Gwen Harwood Speech

“Poetry bridges the gap between the needs of the flesh and the mysteries of the human soul in its search for the whole self” (M.C. Richards)

It is with great pleasure and satisfaction that I stand before the esteemed company representatives of ‘Empak Recording Pty Ltd’ to endorse the inclusion of Gwen Harwood’s poetry on your impending CD entitled; ‘Poetry Anthologies’.

The poetry of Gwen Harwood explores the concept behind human existence, the dichotomies of life, youth and age, loss of innocence, memory, and the inevitability of death in an attempt to explain and cater for the relentless movement of time, thus investigating the social mores and values affecting the contemporary audience. The poems Father and Child (1953) and Triste, Triste (1963) enable Harwood to draw upon symbols to reconcile the paradoxical nature of our world amid a variety of literary techniques and devices including enjambment, allusions, simile, descriptive language, synecdoche, juxtaposition, repetition, imagery, and alliteration. Inspired by the philosophy of Holderlin and Wittgenstein, music, family, religion and the romanticism and modernism movements, Harwood is able to “fulfil a deep inner necessity…to realize in words the moments that gave her life its meaning.” It is Harwood’s definitive context that sanctions the sustained contemporary appreciation of her poetry from a variety of perspectives, including religious, feminist and psychoanalytic readings.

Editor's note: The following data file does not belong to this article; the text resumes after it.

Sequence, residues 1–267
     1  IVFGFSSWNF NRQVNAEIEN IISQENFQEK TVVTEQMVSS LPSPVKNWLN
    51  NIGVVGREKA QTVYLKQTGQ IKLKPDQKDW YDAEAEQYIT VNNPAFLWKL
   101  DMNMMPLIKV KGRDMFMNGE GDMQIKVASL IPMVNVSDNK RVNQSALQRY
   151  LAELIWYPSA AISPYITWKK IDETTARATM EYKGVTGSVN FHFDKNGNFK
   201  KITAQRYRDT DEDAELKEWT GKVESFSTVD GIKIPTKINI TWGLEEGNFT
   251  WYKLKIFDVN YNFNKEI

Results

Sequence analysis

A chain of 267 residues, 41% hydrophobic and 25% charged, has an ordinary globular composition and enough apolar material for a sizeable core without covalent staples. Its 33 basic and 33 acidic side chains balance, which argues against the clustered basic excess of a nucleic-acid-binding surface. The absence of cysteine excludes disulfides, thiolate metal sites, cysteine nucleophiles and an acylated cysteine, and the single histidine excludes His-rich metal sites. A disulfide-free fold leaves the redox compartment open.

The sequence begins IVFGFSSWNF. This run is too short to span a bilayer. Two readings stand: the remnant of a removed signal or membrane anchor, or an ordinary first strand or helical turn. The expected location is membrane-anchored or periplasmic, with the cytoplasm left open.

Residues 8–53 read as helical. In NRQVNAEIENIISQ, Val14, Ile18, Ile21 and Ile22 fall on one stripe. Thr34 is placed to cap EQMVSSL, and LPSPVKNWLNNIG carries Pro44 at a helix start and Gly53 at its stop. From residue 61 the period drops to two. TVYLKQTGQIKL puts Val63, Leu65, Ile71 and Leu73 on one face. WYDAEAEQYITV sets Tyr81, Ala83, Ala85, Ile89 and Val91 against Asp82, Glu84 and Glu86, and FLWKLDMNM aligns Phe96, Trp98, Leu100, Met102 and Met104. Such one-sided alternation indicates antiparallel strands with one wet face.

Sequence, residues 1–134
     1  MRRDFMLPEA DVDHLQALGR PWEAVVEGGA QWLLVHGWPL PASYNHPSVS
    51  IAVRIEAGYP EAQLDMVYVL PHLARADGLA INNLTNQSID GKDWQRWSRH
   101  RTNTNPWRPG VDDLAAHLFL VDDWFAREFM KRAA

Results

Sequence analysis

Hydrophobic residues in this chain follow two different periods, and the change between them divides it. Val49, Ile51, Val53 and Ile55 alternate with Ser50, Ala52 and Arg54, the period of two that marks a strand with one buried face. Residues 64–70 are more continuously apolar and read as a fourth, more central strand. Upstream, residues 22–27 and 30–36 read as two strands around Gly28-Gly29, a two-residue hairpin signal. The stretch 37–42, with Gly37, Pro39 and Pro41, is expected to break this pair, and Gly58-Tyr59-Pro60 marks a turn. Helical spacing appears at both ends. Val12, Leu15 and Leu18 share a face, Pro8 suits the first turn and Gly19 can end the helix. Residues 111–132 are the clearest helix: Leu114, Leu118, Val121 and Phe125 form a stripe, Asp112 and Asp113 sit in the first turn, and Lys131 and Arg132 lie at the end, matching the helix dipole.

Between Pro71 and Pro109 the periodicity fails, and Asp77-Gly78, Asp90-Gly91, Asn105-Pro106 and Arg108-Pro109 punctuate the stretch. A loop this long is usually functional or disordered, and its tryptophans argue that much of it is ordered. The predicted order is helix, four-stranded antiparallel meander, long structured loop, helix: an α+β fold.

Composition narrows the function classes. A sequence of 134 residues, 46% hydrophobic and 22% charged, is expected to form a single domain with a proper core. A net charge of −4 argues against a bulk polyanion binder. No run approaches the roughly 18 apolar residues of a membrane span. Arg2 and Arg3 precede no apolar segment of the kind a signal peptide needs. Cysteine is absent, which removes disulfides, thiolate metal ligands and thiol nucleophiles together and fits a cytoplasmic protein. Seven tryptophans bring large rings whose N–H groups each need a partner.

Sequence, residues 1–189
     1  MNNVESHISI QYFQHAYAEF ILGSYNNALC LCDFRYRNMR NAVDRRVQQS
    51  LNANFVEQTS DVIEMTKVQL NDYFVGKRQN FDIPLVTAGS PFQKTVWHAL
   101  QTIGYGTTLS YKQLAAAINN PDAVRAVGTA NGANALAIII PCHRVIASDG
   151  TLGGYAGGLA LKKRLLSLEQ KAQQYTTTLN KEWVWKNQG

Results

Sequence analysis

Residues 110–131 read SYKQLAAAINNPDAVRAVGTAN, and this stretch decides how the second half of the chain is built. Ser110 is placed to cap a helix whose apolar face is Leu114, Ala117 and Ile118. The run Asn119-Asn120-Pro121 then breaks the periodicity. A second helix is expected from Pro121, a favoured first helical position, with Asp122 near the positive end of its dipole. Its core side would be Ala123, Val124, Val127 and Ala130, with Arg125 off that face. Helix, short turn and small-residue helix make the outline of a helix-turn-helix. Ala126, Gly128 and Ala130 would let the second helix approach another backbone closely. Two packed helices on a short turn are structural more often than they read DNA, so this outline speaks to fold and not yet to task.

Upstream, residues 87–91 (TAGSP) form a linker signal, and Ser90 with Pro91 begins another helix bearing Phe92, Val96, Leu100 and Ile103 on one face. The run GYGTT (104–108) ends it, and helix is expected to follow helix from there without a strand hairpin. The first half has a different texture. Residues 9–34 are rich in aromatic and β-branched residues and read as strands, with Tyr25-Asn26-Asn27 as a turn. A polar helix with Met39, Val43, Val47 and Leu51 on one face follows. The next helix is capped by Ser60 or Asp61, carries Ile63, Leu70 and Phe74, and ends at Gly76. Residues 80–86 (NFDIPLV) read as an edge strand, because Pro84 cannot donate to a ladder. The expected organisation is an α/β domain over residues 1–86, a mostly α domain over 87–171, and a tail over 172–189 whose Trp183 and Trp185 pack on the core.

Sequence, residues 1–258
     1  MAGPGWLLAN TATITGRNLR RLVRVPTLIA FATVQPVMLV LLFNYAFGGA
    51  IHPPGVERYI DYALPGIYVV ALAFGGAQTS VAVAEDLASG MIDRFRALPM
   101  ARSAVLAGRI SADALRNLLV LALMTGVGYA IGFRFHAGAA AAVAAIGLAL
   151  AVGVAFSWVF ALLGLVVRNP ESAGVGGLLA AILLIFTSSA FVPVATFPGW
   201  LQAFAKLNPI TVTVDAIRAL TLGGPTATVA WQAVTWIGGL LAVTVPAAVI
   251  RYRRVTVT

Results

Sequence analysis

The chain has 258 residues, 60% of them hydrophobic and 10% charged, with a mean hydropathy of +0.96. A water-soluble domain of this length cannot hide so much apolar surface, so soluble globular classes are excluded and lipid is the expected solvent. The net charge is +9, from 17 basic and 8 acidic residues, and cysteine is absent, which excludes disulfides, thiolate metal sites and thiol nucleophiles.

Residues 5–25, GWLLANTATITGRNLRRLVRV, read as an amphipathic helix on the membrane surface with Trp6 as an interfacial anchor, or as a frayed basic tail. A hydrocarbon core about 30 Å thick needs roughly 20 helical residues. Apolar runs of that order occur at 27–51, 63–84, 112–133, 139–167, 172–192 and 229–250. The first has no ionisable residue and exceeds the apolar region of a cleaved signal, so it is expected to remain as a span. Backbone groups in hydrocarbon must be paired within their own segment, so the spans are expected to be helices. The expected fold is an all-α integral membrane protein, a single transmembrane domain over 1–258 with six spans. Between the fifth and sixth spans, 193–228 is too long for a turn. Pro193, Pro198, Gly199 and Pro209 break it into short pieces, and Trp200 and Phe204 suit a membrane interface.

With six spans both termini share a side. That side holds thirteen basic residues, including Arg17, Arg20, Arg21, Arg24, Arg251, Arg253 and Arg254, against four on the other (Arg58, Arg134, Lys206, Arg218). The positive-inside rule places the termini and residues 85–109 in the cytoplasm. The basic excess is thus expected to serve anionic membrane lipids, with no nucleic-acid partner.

The diptych that constitutes Father and Child; Barn Owl and Nightfall is essentially concerned with the loss of innocence through experience, primarily that between the binary oppositions of life and death. Harwood juxtaposes the youthful persona’s potential for both good, “obedient, angel minded”, and evil, “horny fiend” in an attempt to foreshadow the possible carnage that is soon to occur. The theme of ‘lost innocence through the passage of time’ is similarly demonstrated in At Mornington as this poem also deals with...